Thursday, January 3, 2013

When There Is A Will, But No Probate, What To Do...

There is something about this time of year that causes my phone to ring a bit more often.  Sure, there are the new years resolution calls from folks who are finally going to write a will.  But there also seems to be uptick in my new probates.  Winter, especially here in the Mid West can be harsh, too harsh for those who are older and ill.  During those phone calls some may ask -- my spouse died, is there anything I need to do?  Of course, being a lawyer, my response is "it depends".  No one situation is the same, but when a person has died it is important to asses the situation and determine what steps should be taken.

M. Gustafson Gervsi, 2012.  Winter arrived in Madison late in December. 
While lovely, it can also prove too taxing for those who are older and or ill.

For example, it is not uncommon for a person to die and there be no need to open a probate, especially in the case of married couples.  Through joint tenancy and beneficiary forms most if not all assets will likely pass to the surviving spouse.  However, even though no probate is needed, if a will existed, the person in possession or with knowledge of a will's whereabouts is required under Wisconsin law to file that will with the appropriate probate court.

856.05 Delivery of will to court.  (1) DUTY AND LIABILITYOF PERSON WITH CUSTODY.  Any person, other than a person namedin the will to act as personal representative, having the custody ofany will shall, within 30 days after he or she has knowledge of thedeath of the testator, file the will in the proper court or deliver itto the person named in the will to act as personal representative.Any person named in a will to act as personal representative shall,within 30 days after he or she has knowledge that he or she isnamed to act as personal representative, and has knowledge of thedeath of the testator, file the will in the proper court, unless the willhas been otherwise deposited with the court.  Any person whoneglects to perform any of the duties required in this subsection,without reasonable cause, is liable in a proceeding in court toevery person interested in the will for all damages caused by theneglect.(2) DUTY OF PERSON WITH INFORMATION.  Any person havinginformation which would reasonably lead him or her to believe inthe existence of any will of a decedent of which he or she does nothave custody and having information that no more recent will ofthe deceased has been filed with the court and that 30 days haveelapsed after the death of the decedent, shall submit this information to the court within 30 days after he or she has the information.(3) PENALTY.  Any person who with intent to injure or defraudany person interested in a will suppresses or secretes any will ofa person then deceased or any information as to the existence orlocation of any will or having custody of any will fails to file it inthe court or to deliver it to the person named in the will to act aspersonal representative shall be fined not more than $500 orimprisoned in the county jail for not more than one year or both.(4) LIABILITY FOR NEGLECT.  If any person has custody of anywill after the death of the testator and after a petition for administration has been filed, neglects without reasonable cause to deliverthe will to the proper court after he or she has been duly notifiedin writing by the court for that purpose, he or she may be committed to the county jail by warrant issued by the court and therekept in close confinement until he or she delivers the will asrequired.(5) APPLICABILITY OF SECTION.  This section applies to willsand information needed for proof of a missing will under s.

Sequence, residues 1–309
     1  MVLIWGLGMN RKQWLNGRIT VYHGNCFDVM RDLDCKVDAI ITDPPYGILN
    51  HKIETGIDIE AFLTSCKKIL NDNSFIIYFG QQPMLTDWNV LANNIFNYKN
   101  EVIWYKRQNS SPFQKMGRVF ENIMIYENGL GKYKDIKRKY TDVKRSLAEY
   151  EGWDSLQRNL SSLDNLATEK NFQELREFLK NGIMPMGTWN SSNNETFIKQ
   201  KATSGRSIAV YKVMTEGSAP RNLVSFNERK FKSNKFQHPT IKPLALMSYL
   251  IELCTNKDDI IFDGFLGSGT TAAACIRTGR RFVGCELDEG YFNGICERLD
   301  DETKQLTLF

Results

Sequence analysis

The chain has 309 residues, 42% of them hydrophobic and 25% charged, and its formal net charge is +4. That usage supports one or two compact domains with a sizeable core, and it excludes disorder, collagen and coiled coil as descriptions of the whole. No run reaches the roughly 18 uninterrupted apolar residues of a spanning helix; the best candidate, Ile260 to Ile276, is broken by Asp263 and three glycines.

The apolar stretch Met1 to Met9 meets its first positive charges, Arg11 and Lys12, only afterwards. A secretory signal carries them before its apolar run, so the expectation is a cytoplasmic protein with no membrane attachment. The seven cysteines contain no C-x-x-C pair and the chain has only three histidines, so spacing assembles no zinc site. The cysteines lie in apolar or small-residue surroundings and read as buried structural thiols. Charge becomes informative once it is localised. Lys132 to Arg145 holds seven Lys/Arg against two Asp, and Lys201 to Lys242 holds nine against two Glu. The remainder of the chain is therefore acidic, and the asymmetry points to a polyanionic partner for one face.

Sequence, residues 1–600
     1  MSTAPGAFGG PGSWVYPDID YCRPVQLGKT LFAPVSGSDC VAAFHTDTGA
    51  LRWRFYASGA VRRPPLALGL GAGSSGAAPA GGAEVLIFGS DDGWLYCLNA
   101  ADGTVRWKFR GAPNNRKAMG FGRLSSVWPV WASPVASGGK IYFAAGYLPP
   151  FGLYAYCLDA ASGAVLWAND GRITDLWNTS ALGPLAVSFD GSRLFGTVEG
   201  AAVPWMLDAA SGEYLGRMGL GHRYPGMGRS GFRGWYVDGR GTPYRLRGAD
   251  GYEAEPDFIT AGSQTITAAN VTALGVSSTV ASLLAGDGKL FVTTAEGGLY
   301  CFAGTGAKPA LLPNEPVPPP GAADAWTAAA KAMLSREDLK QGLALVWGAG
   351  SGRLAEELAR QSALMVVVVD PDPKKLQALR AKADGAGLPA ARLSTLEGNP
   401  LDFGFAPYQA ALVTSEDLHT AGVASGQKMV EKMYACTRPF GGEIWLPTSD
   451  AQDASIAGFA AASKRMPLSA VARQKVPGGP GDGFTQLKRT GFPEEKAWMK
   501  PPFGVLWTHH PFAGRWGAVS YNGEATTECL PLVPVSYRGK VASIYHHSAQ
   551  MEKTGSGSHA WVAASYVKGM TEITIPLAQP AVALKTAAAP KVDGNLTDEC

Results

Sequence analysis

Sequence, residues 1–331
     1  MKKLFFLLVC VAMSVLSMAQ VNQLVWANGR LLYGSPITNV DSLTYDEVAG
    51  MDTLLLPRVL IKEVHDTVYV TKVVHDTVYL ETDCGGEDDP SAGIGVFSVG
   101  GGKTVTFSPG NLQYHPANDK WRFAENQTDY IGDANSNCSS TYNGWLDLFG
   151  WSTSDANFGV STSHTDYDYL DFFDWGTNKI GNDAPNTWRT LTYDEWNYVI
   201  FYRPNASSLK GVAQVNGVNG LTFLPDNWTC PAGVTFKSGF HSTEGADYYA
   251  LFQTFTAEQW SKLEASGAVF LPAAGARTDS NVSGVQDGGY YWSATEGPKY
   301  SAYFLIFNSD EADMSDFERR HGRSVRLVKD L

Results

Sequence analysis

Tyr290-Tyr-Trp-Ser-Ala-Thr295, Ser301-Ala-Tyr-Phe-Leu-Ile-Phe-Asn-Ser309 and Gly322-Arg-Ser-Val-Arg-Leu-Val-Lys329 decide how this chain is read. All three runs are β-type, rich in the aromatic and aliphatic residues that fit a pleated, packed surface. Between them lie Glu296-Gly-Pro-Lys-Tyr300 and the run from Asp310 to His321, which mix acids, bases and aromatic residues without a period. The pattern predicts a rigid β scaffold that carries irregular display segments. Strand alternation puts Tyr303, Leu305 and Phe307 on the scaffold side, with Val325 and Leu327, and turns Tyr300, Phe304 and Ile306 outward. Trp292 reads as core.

This means that if your spouse passes away and no probate is needed, it is a good idea to file the original will with the probate court in the county of residence along with a letter stating no probate is needed.  This will allow it to be filed and comply with statutory requirements.  Note, the statue has a 30 day requirement.  However, I have worked with cases where a will was not filed until nearly 10 years after death. The court does not make an issue out of it, but it could if an interested party felt wronged.

Remember, a blog is not an attorney and this does not constitute legal advice.  Please consult an attorney in your state for advice specific to your situation.

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